That’s how sitting still helps tremendously. From fifteen minutes of flapping around on the saddle, kicking Jonty half to death, and nearly ripping his mouth apart, to a smooth, relaxed, and enjoyable ride. So there you have it, do the right thing. Just relax. Relax, and everything comes naturally.

Short post :/

Thanks for reading! Let me know in the comments if anything else helps you achieve what you want when riding. Also let me know what should I write about next!

With that, see you all next time!

Byeeeee 🙂

Horse & Rider Weekly #11: Dealing with nervousness when riding

Posted Leave a commentPosted in My Blog Posts, Uncategorized

Nervous horse, nervous rider. Well, that is the case 8 times out of 10. And the reasons are either 1) the nervous horse made the rider nervous, and 2) the nervous rider made the horse nervous. And we’ll be going over both of the types of nervousness today.

So we’ll start with nervous horses. The key to be able to control a nervous horse without it freaking the living daylights out of you, is to determine what is making it nervous in the first place. If it is you who the horse is nervous of, the horse will typically shy away when he sees you, will get uncomfortable if you’re hanging around by his stable, will give you a hard time in tacking him up, the list goes on. If that is indeed the case, then you first need to acquaint your horse with you. You’ll need to spend a lot of time with your horse, do small but rewarding riding sessions, give him treats, and maybe for a few days in a row if it’s possible give the horse his meals yourself. When riding, avoid shouting him, or punishing him if he does something unwanted, and reward him often. Eventually the horse will get to know you and will start bonding with you. You must have heard these terms in the horse world often: #thebond or “It’s all about the bond” or stuff that says bond a lot.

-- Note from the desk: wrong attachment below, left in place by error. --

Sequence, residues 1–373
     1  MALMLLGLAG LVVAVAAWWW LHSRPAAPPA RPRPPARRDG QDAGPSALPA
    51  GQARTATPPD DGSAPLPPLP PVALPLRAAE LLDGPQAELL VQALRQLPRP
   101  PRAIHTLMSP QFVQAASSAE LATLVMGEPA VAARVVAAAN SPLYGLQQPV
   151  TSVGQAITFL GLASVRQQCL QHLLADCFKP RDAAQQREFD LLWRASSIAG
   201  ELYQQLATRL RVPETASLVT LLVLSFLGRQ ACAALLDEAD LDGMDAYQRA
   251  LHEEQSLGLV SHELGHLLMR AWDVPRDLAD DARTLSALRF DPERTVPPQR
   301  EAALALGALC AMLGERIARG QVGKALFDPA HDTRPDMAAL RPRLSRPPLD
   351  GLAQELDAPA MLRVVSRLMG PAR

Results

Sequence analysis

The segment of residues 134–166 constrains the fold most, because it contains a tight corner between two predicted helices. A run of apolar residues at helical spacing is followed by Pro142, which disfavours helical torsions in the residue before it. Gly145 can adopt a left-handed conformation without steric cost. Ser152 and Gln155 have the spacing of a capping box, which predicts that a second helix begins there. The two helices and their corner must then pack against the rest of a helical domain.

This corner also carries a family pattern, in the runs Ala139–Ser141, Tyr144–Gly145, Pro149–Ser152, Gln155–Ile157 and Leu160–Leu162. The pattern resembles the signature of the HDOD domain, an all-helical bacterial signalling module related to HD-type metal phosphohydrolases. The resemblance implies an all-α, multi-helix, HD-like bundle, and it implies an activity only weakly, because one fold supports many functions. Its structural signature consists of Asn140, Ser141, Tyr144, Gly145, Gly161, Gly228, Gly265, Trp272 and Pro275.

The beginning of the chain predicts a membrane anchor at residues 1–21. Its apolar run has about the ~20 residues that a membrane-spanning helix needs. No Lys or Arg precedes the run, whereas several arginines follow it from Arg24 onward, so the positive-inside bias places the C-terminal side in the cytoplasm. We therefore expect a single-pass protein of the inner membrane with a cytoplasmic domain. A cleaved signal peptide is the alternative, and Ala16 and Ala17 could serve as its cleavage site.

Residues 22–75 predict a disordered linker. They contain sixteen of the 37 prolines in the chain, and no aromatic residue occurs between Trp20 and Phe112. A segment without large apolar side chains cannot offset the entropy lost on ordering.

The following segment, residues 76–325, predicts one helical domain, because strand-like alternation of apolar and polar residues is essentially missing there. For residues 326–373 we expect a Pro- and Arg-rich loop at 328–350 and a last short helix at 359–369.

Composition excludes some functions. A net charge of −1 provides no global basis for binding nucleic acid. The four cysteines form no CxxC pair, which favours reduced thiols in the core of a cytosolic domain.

Bonding with your horse is much, MUCH easier said then done. It takes time, dedication, patience, and even then it needs regular tuning and servicing to keep it in shape. So in a nutshell, if your horse is nervous of you, then start building a stronger bond with your horse.

But if your horse is nervous of other things (such as a crop for example; one horse that I rode called Bibi, the minute he saw a riding crop he’d freak out), it’s more or less the same procedure, acquaint your horse with that specific thing. However, in the scenario of a old horse afraid of, say a riding crop, then sometimes the best option is to just live around it. An old horse is much, MUCH harder to familiarize with something compared to a young horse. If you have a horse who has spent his entire young life being beaten by a crop, he’ll be afraid of it in his old life, and the past would take the better of him. And because he’s old, his capability of “learning new things” had decreased. So depending on the horse and situation, you have to make the decision, whether to work on it, or just live around it.

As far as nervous riders go, as I said above, half of the time you’re nervous because your horse is nervous. But sometimes you can be nervous for some other reason. Me for example, I’m still nervous, despite riding for 1 and a half year continually, because I have a really bad past with horses. I don’t wanna go over history again, but the past still holds me. Although I am far less nervous then when I started in 2014 (more details here) I still am nervous. So I’m also on a journey to being confident, I have some tips that seem to be working for me.

  1. Leave your past behind you. Easier said than done, if you have a bad past with horses, it will keep on bugging you. Shrug it off and focus on what’s happening now.
  2. Don’t think about what others have to say about your riding. Let them be. Again, in a society like ours, where everybody is concerned about “what will others think about me” and where everybody is name-calling everyone and passing remarks about everyone, it’s much easier said than done. But it is important in being confident and less nervous.